26 Ureters, Bladder, Urethra
Transport urine to bladder Peristalsis Urinary bladder Urine storage Distensible Can store ~1L Urethra Drains urine from body Two sphincters Internal – smooth muscle External – skeletal muscle

27 Voiding Urine Between acts of urination, the bladder is filling
detrusor muscle relaxes urethral sphincters are tightly closed accomplished by sympathetic pathway from upper lumbar spinal cord postganglionic fibers travel through the hypogastric nerve to the detrusor muscle (relax) and internal urethral sphincter (excite) somatic motor fibers from upper sacral spinal cord through pudendal nerve to supply the external sphincter give us voluntary control Micturition – the act of urinating Micturition reflex - spinal reflex that partly controls urination Involuntary Voluntary control Micturition center in pons

28 Voiding Urine – Micturition Reflex
urge to urinate usually arises at an inconvenient time one must suppress it stretch receptors fatigue and stop firing as bladder tension increases signals return with increasing frequency and persistence there are times when the bladder is not full enough to trigger the micturition reflex but one wishes to ‘go’ anyway Valsalva maneuver used to compress bladder excites stretch receptors early getting the reflex started

29 Neural Control of Micturition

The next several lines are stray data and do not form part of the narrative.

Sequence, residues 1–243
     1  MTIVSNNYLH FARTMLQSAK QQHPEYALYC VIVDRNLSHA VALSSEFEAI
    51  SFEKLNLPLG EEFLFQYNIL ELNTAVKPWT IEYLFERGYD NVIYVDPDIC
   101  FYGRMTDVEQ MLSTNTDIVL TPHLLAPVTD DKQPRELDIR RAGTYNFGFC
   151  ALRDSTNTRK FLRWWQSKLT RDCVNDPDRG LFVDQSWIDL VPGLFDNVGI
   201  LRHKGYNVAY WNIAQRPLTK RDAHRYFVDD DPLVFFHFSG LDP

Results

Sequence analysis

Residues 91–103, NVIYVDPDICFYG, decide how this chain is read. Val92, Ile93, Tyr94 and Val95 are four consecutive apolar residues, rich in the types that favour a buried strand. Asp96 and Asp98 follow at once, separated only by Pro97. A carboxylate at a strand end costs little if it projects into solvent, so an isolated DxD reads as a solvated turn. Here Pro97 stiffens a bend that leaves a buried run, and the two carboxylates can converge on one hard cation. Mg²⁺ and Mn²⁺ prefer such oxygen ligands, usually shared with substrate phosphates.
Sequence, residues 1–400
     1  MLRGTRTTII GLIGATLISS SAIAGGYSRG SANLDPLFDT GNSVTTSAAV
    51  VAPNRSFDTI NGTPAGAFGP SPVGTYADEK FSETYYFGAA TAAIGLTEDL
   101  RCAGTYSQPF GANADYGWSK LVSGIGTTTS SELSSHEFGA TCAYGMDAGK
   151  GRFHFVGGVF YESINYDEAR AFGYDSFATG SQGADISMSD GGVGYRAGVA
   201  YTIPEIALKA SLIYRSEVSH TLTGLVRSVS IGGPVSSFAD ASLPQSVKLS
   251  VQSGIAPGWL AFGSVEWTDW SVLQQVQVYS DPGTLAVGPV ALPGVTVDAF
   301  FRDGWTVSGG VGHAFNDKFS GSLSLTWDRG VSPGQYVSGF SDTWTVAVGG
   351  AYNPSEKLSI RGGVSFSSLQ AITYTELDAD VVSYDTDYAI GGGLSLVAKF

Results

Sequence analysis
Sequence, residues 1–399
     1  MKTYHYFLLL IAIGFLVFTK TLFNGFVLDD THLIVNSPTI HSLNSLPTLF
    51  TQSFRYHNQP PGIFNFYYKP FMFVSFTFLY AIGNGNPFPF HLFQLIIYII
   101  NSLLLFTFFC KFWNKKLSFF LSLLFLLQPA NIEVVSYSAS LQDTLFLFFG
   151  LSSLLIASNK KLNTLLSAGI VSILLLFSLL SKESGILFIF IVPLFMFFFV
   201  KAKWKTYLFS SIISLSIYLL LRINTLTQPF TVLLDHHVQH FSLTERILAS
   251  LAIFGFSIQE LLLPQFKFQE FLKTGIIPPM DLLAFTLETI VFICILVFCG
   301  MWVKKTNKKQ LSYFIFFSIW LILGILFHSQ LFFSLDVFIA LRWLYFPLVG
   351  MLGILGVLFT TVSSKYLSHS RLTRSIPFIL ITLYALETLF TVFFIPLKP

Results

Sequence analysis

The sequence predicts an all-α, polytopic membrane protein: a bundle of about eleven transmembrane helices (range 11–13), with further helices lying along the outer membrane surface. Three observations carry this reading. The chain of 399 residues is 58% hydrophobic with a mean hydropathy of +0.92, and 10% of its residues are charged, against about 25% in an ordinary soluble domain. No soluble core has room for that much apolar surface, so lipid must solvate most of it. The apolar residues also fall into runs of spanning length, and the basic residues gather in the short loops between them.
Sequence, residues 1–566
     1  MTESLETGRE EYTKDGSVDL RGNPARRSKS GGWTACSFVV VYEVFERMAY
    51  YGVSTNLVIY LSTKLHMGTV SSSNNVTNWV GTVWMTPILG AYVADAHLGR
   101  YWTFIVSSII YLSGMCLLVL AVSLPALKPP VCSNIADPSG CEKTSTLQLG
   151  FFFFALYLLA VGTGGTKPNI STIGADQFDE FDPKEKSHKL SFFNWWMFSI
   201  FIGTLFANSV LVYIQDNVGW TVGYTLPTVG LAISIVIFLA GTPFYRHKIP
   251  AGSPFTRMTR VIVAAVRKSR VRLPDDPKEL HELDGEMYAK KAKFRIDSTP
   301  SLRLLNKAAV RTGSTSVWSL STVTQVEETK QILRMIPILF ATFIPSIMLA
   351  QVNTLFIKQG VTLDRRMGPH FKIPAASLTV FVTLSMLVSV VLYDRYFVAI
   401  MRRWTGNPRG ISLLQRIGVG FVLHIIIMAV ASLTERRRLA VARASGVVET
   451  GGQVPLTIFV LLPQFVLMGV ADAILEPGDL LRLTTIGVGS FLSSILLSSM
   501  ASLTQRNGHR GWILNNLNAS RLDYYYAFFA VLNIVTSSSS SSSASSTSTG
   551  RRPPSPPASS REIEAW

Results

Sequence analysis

Copyright © The McGraw-Hill Companies, Inc. Permission required for reproduction or display. Involuntary micturition reflex To pons From pons 1 Stretch receptors detect filling of bladder, transmit afferent signals to spinal cord. 5 6 7 2 Signals return to bladder from spinal cord segments S2 and S3 via parasympathetic fibers in pelvic nerve. Pelvic nerve 3 Efferent signals excite detrusor muscle. Sensory fiber Motor fiber 4 Efferent signals relax internal urethral sphincter. Urine is involuntarily voided if not inhibited by brain. Full urinary bladder Sacral segments of spinal cord S2 Voluntary control 2 5 For voluntary control, micturition center in pons receives signals from stretch receptors. 1 S3 6 If it is timely to urinate, pons returns signals to spinal interneurons that excite detrusor and relax internal urethral sphincter. Urine is voided. Para- sympathetic ganglion in bladder wall S4 3 Stretch receptors 7 If it is untimely to urinate, signals from pons excite spinal interneurons that keep external urethral sphincter contracted. Urine is retained in bladder. Motor fibers to detrusor muscle 4 Urethra Internal urethral sphincter (involuntary) Somatic motor fiber of pudendal nerve 8 If it is timely to urinate, signals from pons cease and external urethral sphincter relaxes. Urine is voided. External urethral sphincter (voluntary) 8 Figure 23.24